Comedy //

You Don’t Speak English: 4 things International Students should know

Bibek Gurung has handy tips for all you “ca$h money” international students out there.

Welcome! Or should I say Namaste and Ni Hao! Maybe there are other countries out there but I’m sure that about covers most of them. As an international student myself, let me just say to you – Congratulations! Either through stunning academic achievements or industrial strength bribery you’ve managed to join one of the top ten universities in Camperdown! Now, as that famous Russian guy said, “Unhappy families are all different and happy families are the same,” or something. Whatever, I don’t read. So to make sure your time in USYD is a happy one, here are some pieces of advice.

Saving money? Don’t worry about it!

Being an international student comes with tremendous privileges. You get to contribute to the beautification of this great institution by paying at least $16,000 (Australian dollars) per semester! And since many of you will be failing, you’ll get to pay for a lot of those! Of course, this is no problem as we are all obviously children of oil tycoons so can pay these amounts without blinking. Which is great because you don’t get student discounts, like concession pricing for public transport. What, are you really going to ride on the train like a peasant?! Don’t make me laugh into my jewel encrusted handkerchief.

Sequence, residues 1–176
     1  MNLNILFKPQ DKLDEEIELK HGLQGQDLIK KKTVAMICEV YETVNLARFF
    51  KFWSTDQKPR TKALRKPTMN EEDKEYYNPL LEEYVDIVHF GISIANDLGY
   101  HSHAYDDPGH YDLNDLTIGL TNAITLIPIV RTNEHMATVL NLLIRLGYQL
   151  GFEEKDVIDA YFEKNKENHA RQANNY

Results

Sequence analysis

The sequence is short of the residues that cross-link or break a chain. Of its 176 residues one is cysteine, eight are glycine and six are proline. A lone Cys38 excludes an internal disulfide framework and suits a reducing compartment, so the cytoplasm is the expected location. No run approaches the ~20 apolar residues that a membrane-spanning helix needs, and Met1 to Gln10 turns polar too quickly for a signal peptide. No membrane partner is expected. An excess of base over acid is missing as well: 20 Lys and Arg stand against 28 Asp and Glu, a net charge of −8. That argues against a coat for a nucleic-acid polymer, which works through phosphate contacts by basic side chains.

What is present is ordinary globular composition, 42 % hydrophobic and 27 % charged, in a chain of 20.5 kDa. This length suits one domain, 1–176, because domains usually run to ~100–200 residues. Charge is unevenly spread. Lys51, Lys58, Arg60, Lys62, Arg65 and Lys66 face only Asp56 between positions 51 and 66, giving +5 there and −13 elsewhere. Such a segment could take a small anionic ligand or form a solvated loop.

You don’t speak English

So you grew up in a British colony in Asia that has been speaking English since before Captain Cook set foot on Australia? Not good enough, mate. You won’t be speaking the right kind of English (for example, you should only say the word ‘but’ at the end of sentences). I can’t count the number of times I’ve had people come up to me and say ‘Your English is really good!’ (Which is weird since Asians are good at counting, amirite?) Since I’ve been practicing speaking English for the last two decades, it’s wonderful to have this affirmation from people who are the experts.

You’ll have diverse collaborations

It’s amazing the kind of people you’ll get to work with – anyone from a Taiwanese to Shanghaniese. Obviously, coming to a new country where you have zero social networks, a completely different cultural reference pool, and knowledge of a completely different set of cultural norms is hard. So you may be surprised to learn that the onus is on YOU to reach out to others. After all, if domestic students who already come to university with friends they’ve known for years are able to, why can’t you? And even though there may be people of similar backgrounds that you can relate to, associating with them means you’re being ‘unapproachable’ and ‘isolationist.’ After all, you haven’t succeeded socially until you’ve made White domestic friends.

Get ready for an exciting love life (especially if you’re a woman)

You get to be showered with words like ‘exotic’ or praised for having ‘lovely almond shaped eyes’ (men, you will also get that a lot, which is GREAT…). It’s especially fulfilling if you like being pursued by people who treat you as an object of tokenised sexual fetishisation. It really doesn’t matter where you come from or how you look. As long as you look different, you’ll always get to be someone’s kink. And at least in that, there’s something for everyone.

Illustration by Aimy Nguyen.